DuPont will have its day in West Virginia's highest court.
That's good news not just for the company, hit in February with an astounding $381 million verdict by a Harrison Circuit Court, but also for the people of West Virginia.
Our Supreme Court exists primarily to review important, game-changing court decisions. This one, which financially pummels one of the state's largest employers while simultaneously granting a group of Florida plaintiff's attorneys a reported $135 million in fees, surely qualifies.
After months of public lobbying and speculation, the court officially accepted DuPont's appeal last week. Common sense says accepting such a case for review is a no-brainer. But it was hardly a sure thing, given the justices' previous decisions not to hear other high-profile, big-dollar appeals of similarly stunning West Virginia circuit court awards.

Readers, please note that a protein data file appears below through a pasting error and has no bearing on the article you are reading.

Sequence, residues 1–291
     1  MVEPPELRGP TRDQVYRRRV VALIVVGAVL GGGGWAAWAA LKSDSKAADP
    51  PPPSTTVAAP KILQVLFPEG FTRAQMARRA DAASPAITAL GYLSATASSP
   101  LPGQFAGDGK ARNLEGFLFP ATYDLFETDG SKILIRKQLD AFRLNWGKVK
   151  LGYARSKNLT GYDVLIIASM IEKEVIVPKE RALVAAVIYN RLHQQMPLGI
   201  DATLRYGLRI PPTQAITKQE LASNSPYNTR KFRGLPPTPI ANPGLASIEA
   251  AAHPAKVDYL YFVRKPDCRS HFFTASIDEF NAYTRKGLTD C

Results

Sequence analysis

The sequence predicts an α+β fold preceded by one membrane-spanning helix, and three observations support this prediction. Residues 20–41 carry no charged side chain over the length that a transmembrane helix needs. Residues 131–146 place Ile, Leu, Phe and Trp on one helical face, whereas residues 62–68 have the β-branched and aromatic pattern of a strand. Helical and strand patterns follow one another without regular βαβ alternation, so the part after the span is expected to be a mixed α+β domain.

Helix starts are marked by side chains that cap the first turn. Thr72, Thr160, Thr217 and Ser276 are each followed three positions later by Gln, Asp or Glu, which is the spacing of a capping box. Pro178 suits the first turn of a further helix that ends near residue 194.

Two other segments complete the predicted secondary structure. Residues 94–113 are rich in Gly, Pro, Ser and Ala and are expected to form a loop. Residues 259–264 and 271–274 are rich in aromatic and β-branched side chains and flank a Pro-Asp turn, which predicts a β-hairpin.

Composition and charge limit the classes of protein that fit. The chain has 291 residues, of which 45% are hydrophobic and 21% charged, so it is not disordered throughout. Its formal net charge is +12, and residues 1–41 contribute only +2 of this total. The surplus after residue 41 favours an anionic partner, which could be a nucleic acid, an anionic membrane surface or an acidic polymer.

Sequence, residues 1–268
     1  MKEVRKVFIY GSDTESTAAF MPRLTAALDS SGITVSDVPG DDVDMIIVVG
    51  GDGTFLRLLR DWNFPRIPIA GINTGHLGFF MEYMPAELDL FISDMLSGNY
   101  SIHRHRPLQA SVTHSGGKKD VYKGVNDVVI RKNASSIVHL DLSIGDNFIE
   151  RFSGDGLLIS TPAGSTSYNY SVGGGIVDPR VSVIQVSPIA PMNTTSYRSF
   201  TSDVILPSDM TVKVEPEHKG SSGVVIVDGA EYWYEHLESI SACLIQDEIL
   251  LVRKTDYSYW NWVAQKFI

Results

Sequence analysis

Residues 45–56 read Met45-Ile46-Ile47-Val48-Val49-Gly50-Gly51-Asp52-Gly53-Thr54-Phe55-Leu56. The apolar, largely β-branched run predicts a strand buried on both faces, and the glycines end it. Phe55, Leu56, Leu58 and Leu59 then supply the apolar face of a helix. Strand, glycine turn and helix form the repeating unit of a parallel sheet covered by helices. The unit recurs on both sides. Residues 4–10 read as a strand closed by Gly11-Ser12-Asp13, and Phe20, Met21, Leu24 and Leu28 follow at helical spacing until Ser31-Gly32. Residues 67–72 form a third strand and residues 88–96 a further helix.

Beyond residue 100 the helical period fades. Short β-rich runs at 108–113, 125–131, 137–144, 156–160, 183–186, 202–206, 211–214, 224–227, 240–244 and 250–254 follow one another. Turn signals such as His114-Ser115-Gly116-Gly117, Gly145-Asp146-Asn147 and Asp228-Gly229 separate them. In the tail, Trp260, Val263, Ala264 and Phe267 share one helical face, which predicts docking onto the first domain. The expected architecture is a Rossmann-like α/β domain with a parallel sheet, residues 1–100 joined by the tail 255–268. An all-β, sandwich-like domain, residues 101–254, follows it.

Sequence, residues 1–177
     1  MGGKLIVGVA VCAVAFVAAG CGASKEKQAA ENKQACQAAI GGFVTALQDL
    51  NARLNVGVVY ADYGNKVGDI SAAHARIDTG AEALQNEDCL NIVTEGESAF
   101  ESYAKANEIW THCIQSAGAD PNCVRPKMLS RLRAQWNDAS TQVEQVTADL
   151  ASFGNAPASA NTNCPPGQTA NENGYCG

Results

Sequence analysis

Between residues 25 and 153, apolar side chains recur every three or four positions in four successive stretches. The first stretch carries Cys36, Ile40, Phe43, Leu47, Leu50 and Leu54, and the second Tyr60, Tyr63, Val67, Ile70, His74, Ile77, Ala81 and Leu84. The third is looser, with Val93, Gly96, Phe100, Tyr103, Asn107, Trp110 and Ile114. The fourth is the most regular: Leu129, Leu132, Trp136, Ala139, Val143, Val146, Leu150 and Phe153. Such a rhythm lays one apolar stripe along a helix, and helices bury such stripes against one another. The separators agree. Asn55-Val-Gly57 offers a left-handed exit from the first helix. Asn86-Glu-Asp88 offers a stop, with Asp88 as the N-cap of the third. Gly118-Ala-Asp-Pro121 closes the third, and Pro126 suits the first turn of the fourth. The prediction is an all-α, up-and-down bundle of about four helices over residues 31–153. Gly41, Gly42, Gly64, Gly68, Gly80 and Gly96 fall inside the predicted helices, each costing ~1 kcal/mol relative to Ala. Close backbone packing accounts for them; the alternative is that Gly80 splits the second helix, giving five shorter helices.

That included Massey Energy's appeal of a $220 million Brooke County verdict against it, and Chesapeake Energy's appeal of a $404 million Roane County verdict.
The latter decision led Chesapeake, one of the largest energy companies in the United States, to abandon its plans to expand in Charleston. Its executives said it couldn't justify the investment given the potential legal risk.
Given that Justice Robin Davis is married to Scott Segal, the plaintiff's lawyer who sued them, it's easy to imagine why they'd be worried.
Davis recused herself from all related discussions of the Chesapeake case. But when it came to DuPont, she was the only vote against the court accepting its appeal.
She's not required to offer a reason. That doesn't mean we cannot ask her why. Maybe someone will manage someday to elicit some specifics from the justice about her rationale.
In the meantime, those of us who favor spirited discourse and vigorous examination of the law should savor the grant of review.
We hope to see this inane verdict overturned and those Florida trial lawyers sent packing. But let's not get ahead of ourselves.
Today, a wronged defendant in our opinion has gained the right to argue its case.
For the moment, we all might remain satisfied.
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